Beauty and the Beast

After the opening credits to Jean Cocteau’s 1946 masterpiece Beauty and the Beast (or, La Belle et la Bête), the director breaks the fourth wall and speaks directly to the audience. “L'enfance croit ce qu'on lui raconte et ne le met pas en doute,” he begins, “children believe what we tell them”. He concludes: “I ask of you a little of this childlike sympathy and, to bring us luck, let me speak four truly magic words, childhood's “Open Sesame”: once upon a time…” The archetypal opening words to any fairy tale function as a doorway to a childlike state wherein the fantastical is accepted as truth; where beasts inhabit enormous castles pining for the love of a woman; where true love redeems. Cocteau’s film, a monument of French cinema, represents a portal into the world of childhood – dreamlike, vague around its edges, teetering on the edge of the frightening.

An (uncited) entry on the film’s Wikipedia page informs us that “The beast’s makeup and prostheses took a long time to apply, taking about three hours to attach the beast’s mask and one hour for each claw. The teeth would be hooked into the actor’s mouth, which was not very practical for eating. This caused the actor to eat mainly soup.” The prosthetics, which were based on Cocteau’s husky, Moulouk, give the beast’s face a kind of flatness and lend his eyes a particular brightness and vitality, while the canine-leonine face is imperious, expressive of the self-contained energy of an animal. The entire shoot was marked with physical discomfort, both for the actors, whose incredibly heavy costumes were said to have been “as much as the actors could stand up in”, and for Cocteau himself, who was dealing with a skin condition that meant he was forced to take penicillin every three hours. Beneath the baroque exterior lies discomfort, pain and shame; the beast sips on his soup.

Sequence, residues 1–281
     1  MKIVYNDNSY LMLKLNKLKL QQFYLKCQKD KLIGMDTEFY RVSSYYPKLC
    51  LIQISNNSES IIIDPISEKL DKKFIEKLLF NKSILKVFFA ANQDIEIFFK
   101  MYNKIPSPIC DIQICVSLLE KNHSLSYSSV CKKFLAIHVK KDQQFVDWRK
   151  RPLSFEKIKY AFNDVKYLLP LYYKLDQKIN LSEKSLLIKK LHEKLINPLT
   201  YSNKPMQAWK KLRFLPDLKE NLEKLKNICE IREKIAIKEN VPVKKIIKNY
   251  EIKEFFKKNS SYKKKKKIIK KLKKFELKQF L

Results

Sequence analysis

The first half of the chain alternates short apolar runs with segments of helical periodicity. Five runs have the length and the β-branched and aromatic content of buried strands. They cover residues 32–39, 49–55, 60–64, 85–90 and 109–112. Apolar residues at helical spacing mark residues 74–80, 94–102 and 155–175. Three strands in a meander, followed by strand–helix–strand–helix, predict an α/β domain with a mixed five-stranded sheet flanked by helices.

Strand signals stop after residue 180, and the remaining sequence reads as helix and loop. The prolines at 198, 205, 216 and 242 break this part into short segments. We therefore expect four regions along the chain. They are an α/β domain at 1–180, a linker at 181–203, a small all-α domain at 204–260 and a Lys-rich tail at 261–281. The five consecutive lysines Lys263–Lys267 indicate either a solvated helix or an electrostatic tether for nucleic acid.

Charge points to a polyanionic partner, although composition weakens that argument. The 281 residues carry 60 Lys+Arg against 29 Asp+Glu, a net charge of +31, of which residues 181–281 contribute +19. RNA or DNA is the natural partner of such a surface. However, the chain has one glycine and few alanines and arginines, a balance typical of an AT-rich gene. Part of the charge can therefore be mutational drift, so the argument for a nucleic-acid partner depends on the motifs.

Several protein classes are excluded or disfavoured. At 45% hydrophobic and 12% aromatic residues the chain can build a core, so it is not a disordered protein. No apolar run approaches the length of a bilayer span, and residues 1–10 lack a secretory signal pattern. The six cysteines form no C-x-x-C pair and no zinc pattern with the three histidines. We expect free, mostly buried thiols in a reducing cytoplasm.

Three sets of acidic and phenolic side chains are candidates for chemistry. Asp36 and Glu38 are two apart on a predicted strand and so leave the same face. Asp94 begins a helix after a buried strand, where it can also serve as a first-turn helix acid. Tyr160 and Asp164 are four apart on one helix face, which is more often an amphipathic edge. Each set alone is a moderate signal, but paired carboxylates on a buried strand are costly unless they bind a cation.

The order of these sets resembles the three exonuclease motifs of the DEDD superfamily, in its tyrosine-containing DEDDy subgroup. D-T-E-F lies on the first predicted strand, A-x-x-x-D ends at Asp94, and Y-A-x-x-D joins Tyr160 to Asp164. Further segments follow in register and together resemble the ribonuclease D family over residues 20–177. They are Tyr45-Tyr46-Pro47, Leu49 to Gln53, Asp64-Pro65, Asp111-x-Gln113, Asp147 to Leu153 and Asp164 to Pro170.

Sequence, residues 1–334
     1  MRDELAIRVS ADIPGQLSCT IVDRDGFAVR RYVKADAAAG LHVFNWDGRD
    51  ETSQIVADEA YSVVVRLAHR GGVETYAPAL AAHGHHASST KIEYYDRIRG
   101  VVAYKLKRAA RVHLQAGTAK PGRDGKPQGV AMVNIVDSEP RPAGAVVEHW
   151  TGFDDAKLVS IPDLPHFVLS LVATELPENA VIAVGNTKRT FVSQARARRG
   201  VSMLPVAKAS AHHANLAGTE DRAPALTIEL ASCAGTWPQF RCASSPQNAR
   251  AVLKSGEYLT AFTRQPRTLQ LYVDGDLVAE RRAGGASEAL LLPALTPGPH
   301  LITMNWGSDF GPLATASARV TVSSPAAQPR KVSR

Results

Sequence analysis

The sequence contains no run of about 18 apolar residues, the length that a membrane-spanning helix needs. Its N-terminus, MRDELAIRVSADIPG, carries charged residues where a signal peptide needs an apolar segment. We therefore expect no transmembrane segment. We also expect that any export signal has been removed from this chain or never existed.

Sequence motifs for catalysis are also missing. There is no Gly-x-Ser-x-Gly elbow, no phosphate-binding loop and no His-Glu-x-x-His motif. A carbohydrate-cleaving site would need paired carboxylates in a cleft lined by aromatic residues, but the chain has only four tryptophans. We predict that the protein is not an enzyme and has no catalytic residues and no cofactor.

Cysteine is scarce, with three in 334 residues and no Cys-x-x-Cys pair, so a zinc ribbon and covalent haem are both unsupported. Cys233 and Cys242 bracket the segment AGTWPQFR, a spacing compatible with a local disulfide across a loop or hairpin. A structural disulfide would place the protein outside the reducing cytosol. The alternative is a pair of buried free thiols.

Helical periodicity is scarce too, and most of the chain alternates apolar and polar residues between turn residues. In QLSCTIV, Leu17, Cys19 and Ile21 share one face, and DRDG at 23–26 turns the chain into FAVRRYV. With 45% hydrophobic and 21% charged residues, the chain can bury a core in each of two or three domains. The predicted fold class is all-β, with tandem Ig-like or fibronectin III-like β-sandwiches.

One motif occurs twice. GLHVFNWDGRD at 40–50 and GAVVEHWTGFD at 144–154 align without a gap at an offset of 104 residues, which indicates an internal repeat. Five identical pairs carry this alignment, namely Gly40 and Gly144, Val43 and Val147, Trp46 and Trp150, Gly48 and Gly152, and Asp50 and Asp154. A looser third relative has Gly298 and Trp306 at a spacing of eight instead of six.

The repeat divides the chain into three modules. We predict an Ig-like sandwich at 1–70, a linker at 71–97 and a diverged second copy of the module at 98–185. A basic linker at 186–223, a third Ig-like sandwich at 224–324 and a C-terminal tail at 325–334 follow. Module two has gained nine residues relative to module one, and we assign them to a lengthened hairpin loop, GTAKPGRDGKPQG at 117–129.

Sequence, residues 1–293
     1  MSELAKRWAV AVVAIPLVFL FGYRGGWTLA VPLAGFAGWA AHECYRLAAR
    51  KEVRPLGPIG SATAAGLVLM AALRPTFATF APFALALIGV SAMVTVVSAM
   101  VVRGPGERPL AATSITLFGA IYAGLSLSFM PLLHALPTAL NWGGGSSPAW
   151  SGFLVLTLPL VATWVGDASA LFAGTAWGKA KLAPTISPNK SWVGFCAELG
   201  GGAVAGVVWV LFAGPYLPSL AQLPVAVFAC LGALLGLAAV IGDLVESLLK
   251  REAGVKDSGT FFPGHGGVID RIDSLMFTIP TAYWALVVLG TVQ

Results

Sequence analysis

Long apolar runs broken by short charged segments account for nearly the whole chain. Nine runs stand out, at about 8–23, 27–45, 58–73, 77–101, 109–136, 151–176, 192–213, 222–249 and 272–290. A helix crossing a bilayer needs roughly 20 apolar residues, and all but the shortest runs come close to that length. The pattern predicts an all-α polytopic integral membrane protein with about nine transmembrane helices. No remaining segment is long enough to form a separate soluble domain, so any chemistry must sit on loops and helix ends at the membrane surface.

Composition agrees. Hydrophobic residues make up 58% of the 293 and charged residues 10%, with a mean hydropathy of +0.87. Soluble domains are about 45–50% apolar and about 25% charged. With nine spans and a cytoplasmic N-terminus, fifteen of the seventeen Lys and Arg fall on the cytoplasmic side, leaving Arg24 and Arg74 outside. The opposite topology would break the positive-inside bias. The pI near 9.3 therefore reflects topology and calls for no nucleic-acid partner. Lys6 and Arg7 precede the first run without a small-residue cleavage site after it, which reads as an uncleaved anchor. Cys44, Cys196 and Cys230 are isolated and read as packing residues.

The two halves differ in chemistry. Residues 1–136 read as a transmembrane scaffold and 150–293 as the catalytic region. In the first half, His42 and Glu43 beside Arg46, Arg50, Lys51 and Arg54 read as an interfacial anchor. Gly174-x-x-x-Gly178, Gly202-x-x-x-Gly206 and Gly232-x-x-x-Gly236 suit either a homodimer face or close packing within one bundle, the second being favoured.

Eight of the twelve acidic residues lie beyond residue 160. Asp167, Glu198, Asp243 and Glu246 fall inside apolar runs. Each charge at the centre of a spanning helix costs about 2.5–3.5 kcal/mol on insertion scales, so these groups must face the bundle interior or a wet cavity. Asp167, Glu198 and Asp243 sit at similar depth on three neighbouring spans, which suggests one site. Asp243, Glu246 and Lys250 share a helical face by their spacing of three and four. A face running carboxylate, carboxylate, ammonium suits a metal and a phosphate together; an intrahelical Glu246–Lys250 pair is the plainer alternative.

Cocteau was a poet, and the touches of the surreal in this film (the human arms serving as candelabra; the way that the woman appears to glide a foot off the floor) create an artistic atmosphere of uncertainty and beauty, a densely layered mass of metaphor. This accounts for the particular texture of the film, its lustrousness, rendered all the more clearly in black and white film stock.

As the 1970s documentary series Cinematic Eye: Angel of Space and Time notes, Cocteau finished the film as the Nuremberg Trials were coming to an end, and Europe attempted to put a lid on a period of domestic horror. This dreamlike film, in which the play of surfaces threatens continually to collapse (even tears turn to diamonds as they make their way down the characters’ faces) suggests a darkness behind the ornate interiors – an unhappy childhood that produces a nexus of ugliness that grows into the beastly adult. Childhood, it seems, is not just a land of wonder but a battleground of trauma and response for which the stake is no less than the human soul. The epitaph on Cocteau’s gravestone reads Je reste avec vous, “I stay with you”. Art outlives the artist, but so too does childhood outlive the child; great art can transport the adult back, to that vertiginous and enthralling world, and encounter it anew. ◉

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